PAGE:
Machine Learning has fundamentally changed the methods in which businesses relate to their customers. When you click “like” on a Facebook post your feed is dynamically adjusted to contain more content like that in the future. When you buy a Sony PlayStation on Amazon, and it recommends that you also buy an extra controller and a top selling game for the console, that’s their recommendation engine at work. Both of those examples use machine learning technology, and both affect most people’s everyday lives. Machine language technology delivers educated recommendations to people to help them make decisions in a world of almost endless choices.

Practical business applications of Cognitive Computing and Machine Learning

Now that we have a pretty good idea of what this all means, how is this technology actually being used today in the business world? Artificial Intelligence has been around for decades, but has been slow to develop due to the storage and compute requirements being too expensive to allow for practical applications. In many fields, machine learning is finally moving from science labs to commercial and business applications. With cloud computing and robust virtualized storage solutions providing the infrastructure and necessary computational power, machine learning developments are offering new capabilities that can greatly enhance enterprise business processes.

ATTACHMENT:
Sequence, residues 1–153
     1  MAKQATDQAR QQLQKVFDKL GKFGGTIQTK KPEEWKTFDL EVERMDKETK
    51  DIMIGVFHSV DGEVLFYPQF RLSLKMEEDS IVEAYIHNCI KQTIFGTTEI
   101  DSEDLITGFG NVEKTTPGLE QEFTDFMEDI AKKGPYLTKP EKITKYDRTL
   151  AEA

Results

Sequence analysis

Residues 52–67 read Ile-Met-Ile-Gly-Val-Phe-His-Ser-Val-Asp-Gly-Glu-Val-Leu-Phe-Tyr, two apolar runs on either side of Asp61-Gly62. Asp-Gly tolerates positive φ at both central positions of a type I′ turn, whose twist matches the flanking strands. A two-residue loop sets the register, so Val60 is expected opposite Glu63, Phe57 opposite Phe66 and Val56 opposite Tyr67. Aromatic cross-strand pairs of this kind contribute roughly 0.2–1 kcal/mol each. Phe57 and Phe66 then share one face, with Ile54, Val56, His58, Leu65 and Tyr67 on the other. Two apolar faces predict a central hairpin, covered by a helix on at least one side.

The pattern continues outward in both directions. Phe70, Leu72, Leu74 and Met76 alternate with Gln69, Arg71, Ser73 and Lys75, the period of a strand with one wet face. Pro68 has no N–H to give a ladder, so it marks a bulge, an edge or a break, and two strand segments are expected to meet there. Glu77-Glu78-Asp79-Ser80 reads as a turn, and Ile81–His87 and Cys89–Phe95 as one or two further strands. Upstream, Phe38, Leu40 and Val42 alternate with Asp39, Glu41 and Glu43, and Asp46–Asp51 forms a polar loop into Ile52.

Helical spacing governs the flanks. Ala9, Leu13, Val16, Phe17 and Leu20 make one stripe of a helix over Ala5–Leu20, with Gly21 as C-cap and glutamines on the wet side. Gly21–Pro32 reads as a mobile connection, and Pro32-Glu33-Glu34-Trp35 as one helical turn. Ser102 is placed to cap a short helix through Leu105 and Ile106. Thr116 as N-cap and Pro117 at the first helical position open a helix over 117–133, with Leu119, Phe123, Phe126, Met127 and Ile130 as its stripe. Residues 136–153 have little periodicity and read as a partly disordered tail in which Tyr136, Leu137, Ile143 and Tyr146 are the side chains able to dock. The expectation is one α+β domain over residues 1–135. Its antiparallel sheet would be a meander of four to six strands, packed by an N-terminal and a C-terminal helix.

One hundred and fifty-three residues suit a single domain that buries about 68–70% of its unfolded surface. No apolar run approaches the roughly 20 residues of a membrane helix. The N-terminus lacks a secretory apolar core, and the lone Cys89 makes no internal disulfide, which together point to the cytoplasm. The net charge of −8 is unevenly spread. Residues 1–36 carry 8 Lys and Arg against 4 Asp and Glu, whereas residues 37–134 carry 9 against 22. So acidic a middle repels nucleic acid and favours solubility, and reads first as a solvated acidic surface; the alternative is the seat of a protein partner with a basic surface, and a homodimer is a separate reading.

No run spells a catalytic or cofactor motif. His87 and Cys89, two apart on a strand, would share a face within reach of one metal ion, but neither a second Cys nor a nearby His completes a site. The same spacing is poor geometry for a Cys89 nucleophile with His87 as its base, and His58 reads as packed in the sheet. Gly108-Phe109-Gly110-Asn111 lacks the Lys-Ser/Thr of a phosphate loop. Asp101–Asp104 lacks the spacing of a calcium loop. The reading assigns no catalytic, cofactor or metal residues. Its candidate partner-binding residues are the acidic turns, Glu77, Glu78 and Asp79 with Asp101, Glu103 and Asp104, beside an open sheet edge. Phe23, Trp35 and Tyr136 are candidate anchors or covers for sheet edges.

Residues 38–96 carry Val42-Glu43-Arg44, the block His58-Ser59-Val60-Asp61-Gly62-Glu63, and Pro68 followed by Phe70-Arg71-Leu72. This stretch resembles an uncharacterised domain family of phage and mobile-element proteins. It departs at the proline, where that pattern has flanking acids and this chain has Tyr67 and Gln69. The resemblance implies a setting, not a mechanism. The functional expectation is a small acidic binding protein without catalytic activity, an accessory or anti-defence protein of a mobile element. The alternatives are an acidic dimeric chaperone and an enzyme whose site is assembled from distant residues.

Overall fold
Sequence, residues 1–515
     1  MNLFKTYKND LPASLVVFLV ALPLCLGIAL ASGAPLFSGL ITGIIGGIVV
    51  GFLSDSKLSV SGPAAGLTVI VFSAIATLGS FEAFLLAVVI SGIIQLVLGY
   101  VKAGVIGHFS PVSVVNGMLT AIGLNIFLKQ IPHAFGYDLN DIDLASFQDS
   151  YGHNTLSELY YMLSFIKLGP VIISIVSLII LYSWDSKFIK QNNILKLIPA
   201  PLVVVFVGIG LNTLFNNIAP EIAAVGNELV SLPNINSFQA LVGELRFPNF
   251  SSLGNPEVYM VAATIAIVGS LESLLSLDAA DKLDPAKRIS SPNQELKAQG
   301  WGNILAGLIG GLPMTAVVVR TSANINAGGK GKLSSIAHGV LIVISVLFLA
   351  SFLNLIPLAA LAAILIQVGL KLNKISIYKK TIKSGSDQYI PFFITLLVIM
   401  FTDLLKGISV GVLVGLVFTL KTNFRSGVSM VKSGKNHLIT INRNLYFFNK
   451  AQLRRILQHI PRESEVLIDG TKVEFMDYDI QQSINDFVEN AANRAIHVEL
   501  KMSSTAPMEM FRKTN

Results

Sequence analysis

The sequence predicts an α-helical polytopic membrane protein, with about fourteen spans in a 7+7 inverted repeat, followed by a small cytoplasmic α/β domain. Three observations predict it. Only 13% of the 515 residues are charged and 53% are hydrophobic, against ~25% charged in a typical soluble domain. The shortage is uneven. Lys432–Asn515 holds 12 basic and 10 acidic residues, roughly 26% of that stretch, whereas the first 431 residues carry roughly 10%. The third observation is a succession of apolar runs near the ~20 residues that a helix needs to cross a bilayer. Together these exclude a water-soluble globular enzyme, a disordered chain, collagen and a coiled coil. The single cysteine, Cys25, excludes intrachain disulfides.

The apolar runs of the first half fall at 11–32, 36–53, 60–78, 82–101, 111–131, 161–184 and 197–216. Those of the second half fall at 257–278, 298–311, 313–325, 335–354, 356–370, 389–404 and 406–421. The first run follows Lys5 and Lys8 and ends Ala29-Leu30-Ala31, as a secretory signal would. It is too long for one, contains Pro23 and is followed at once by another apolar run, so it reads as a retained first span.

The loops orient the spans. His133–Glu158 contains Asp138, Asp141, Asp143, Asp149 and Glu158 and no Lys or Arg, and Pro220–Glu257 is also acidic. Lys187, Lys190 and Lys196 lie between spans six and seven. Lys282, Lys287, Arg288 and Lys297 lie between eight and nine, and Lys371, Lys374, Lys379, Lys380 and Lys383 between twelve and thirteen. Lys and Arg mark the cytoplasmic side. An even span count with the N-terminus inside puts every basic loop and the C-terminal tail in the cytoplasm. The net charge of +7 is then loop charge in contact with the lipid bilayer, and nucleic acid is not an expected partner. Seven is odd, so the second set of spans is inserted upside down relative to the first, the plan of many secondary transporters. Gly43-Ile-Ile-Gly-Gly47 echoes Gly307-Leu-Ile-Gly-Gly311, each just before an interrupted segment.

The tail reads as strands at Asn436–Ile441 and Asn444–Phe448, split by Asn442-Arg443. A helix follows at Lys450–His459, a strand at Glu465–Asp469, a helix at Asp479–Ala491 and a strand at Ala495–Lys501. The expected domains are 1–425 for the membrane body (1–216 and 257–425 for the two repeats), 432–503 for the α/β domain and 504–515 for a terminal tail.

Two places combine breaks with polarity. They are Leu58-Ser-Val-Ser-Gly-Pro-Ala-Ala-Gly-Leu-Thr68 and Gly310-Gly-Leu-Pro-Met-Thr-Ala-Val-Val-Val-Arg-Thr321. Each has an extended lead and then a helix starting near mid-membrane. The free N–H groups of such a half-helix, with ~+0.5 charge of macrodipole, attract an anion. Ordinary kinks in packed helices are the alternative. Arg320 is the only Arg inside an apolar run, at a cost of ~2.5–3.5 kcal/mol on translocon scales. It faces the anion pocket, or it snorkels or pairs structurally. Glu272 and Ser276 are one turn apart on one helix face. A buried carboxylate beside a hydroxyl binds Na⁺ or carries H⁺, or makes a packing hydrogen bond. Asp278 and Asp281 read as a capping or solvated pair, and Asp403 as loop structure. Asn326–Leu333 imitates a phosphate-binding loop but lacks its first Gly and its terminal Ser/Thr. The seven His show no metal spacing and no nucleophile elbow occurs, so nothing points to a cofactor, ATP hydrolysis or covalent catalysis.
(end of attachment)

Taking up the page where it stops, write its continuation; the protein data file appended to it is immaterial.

The major approaches today include using neural networkscase-based learninggenetic algorithmsrule induction, and analytic learning. The current uses of the technology combine all of these analytic methods, or a hybrid of them, to help guarantee effective, repeatable, and reliable results. Machine learning is a reality today and is being used very effectively and efficiently. Despite what many business people might assume, it’s no longer in its infancy. It’s used quite effectively across a wide array of industry applications and is going to be part of the next evolution of enterprise intelligence business offerings.